The Prince, and other pieces; ( 1883) by Niccolò Machiavelli Translated by Henry Morley
NICOLO MACHIAVELLI is one of the three great writers produced by Italy in the sixteenth century Machiavelli, Ariosto, Tasso. He died in 1527, at the age of fifty-eight. Ariosto, who was five years younger, died six years later, at the age of fifty-nine. But Tasso was not born until eleven years after Ariosto s death. Machiavelli’s ” Prince” was finished in 1513, and Ariosto was then writing his “Orlando Furioso,” of which he published, after eleven years of work upon it, forty cantos in 1515. Each writer was a master of style; Machiavelli remains to this day without equal as a writer of Italian prose, and Ariosto would often spend a day in polishing a few lines written in the morning.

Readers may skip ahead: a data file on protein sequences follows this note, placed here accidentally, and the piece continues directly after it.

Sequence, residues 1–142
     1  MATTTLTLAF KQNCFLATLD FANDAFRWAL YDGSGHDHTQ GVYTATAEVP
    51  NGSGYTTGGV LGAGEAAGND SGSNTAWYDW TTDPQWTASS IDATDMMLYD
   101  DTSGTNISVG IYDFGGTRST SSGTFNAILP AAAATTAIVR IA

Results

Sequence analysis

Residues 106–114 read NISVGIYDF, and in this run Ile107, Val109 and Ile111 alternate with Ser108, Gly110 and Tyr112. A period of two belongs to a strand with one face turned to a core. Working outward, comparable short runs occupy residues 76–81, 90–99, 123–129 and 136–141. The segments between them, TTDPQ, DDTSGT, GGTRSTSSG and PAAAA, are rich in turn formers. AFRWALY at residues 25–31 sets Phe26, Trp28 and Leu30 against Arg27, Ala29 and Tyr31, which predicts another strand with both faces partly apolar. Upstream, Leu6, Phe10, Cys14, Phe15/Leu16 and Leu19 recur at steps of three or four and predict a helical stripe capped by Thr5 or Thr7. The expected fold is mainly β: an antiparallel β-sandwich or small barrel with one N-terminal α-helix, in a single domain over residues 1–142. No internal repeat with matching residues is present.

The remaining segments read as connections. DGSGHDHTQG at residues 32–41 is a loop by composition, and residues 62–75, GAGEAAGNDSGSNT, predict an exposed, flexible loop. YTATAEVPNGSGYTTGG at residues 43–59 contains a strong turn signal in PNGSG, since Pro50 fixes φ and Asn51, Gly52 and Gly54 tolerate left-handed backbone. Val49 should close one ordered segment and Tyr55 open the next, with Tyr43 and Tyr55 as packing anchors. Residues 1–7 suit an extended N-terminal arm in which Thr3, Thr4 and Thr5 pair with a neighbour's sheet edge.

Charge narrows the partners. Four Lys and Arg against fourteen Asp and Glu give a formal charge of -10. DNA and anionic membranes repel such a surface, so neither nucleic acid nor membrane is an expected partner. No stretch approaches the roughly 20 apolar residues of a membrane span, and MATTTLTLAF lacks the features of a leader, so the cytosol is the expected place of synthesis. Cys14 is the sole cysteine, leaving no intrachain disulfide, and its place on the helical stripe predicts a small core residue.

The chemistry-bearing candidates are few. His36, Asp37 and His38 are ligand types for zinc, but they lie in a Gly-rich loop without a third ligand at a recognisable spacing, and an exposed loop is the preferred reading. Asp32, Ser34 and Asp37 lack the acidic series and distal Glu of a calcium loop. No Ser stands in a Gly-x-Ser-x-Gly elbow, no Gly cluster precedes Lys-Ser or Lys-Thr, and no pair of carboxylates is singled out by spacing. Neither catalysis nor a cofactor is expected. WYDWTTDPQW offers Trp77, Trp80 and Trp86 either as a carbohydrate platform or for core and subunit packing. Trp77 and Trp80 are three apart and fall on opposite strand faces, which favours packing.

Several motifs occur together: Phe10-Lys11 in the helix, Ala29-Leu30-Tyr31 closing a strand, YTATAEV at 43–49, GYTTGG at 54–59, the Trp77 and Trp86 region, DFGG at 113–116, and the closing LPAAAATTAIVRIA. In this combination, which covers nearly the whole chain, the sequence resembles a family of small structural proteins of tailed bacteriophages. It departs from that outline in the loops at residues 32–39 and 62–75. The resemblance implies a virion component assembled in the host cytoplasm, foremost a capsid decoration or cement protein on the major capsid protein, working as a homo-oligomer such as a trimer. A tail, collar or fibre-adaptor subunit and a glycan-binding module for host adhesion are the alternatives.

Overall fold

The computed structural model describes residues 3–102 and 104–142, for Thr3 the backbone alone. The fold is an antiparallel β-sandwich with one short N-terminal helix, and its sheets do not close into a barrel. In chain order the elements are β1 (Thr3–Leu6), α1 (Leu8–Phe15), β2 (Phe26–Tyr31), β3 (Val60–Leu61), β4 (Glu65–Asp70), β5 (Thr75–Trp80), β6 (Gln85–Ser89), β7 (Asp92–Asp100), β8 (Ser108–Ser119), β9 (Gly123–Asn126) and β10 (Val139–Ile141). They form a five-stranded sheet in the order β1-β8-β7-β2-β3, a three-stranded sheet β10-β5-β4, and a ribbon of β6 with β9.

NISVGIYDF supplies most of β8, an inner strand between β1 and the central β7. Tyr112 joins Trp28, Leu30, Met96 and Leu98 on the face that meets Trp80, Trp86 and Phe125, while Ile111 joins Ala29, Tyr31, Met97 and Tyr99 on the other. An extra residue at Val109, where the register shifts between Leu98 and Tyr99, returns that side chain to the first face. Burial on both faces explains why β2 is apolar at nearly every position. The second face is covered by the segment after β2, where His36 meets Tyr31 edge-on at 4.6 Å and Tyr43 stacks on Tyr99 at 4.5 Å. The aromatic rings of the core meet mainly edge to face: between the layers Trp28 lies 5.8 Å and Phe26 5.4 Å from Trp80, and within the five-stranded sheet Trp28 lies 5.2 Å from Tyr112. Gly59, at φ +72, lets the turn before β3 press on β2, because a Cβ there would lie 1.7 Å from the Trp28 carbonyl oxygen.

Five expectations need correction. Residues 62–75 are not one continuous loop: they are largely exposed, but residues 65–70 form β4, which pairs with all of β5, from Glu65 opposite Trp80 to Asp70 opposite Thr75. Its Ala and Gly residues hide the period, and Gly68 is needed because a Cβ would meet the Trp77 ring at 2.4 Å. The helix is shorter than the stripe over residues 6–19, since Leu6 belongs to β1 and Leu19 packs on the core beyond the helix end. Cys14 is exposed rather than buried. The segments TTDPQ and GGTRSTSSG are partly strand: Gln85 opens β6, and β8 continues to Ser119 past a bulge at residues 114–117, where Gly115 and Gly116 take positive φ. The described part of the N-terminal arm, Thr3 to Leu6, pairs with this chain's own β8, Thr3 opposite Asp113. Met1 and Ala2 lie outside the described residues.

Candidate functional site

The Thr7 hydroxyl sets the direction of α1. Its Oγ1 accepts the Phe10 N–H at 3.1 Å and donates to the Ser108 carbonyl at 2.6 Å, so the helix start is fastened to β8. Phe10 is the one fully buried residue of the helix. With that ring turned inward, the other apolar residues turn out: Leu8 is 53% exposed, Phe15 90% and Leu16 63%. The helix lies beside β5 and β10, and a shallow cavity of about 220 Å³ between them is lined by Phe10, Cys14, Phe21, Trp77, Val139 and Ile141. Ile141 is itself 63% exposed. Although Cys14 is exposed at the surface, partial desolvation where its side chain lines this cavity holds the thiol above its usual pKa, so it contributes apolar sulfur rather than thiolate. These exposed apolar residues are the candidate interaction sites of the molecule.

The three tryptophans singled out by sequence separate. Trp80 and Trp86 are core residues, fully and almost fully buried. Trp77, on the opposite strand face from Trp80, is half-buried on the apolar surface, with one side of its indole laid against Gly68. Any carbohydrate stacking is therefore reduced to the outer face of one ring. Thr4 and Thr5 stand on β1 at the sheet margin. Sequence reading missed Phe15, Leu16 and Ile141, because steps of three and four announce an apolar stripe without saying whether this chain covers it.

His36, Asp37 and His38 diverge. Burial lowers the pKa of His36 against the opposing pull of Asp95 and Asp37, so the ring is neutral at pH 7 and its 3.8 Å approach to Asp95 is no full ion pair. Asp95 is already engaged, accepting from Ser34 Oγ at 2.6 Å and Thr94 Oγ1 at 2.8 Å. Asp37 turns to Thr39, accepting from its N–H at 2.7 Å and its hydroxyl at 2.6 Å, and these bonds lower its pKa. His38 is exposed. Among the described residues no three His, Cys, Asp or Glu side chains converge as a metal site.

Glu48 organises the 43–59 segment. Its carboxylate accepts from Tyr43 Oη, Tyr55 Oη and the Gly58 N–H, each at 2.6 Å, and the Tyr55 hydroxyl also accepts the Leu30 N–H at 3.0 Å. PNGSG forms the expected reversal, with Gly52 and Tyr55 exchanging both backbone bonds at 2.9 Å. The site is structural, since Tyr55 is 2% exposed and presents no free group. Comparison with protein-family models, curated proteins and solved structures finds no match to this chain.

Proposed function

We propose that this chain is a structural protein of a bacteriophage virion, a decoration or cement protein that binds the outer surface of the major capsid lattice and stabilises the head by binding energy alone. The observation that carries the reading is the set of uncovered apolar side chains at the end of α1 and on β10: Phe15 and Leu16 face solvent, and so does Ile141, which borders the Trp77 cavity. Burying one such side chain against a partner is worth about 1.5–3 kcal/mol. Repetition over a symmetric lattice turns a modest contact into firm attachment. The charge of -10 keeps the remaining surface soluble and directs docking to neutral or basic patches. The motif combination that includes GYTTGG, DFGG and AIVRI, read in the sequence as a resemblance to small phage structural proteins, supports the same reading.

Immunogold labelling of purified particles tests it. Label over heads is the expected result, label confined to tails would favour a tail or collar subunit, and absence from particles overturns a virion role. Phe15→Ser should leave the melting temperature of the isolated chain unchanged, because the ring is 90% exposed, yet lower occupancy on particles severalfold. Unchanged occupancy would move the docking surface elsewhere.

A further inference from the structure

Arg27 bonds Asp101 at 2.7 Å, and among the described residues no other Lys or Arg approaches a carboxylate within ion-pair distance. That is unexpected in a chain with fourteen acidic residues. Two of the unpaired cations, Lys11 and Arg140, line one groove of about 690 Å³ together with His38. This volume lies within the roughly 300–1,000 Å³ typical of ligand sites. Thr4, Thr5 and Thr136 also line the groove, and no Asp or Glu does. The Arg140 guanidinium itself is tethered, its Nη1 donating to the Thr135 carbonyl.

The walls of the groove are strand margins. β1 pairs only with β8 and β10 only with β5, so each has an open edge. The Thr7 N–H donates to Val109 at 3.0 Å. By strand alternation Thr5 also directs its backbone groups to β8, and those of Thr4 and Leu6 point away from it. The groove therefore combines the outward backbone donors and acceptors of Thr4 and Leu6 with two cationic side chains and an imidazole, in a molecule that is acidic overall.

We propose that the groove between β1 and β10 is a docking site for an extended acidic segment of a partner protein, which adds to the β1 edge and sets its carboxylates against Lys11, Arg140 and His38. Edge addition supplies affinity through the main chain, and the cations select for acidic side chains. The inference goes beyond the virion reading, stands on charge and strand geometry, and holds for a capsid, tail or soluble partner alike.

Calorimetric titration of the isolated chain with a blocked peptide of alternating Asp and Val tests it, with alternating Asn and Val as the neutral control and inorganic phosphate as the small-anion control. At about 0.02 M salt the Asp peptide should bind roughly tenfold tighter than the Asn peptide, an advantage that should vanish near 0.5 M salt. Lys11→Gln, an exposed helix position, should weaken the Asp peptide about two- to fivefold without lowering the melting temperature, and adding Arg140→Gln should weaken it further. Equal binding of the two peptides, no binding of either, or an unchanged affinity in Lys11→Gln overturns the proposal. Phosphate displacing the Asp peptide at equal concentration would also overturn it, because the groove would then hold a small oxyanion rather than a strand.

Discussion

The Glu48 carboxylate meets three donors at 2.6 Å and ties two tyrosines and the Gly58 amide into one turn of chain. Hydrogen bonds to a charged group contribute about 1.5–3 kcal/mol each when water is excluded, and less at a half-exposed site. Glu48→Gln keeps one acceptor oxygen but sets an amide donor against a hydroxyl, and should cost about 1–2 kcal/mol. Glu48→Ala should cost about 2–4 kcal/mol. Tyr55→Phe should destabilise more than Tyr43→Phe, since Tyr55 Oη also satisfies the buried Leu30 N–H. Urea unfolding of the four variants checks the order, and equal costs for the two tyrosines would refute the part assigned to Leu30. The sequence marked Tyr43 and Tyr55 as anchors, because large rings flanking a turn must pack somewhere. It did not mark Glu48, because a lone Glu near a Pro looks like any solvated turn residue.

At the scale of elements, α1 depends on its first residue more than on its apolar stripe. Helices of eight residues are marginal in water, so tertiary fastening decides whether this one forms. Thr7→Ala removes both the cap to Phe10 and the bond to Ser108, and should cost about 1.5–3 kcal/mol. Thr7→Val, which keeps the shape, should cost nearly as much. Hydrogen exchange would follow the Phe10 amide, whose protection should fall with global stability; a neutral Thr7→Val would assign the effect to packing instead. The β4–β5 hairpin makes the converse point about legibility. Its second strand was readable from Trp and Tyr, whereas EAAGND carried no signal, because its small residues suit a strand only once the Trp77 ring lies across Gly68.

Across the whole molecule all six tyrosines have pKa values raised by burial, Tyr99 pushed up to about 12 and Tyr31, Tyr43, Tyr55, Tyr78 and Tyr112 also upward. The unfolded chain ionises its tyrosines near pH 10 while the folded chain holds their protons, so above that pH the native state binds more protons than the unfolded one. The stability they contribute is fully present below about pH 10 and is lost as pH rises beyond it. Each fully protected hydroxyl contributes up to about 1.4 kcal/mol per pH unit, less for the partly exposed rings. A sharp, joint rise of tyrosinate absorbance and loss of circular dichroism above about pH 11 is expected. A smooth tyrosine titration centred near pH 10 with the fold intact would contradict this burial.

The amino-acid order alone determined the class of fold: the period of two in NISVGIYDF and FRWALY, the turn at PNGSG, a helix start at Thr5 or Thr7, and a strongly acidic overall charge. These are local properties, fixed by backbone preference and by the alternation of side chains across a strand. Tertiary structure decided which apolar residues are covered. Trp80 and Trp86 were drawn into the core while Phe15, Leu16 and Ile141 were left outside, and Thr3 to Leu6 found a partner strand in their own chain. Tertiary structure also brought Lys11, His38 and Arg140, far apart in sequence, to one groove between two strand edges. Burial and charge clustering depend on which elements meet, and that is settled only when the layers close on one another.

Living in evil times, described, by an Italian as times when in Italy the source of every noble feeling was dried up, family life corrupted, virtue mocked, the Church heathen, and faith dead, Machiavelli dealt directly, in the world and in the study, with the life, and with what seemed to him the pressing need, of his own time and country. Ariosto escaped from it all and sang of Charlemagne and Roland with a playful grace that saved him from the vulgarity of having faith even in the tale he told. He was very far from any suggestion through it of the deeper life of man. And what of Machiavelli, who did speak for his time and country, and whose name has become proverbial for a crafty politician? “Am I politics? Am I subtle? Am I a Machiavel ?” asks the host of the Garter in “The Merry Wives of Windsor.” In the third part of King Henry VI. Shakespeare changed an allusion in the older play from ” the aspiring Catiline” to ” the murderous Machiavel” that, in spite of chronology, he might use a more familiar by-word. “The Prince” is the famous textbook of Machiavelian policy on which this popular opinion rests.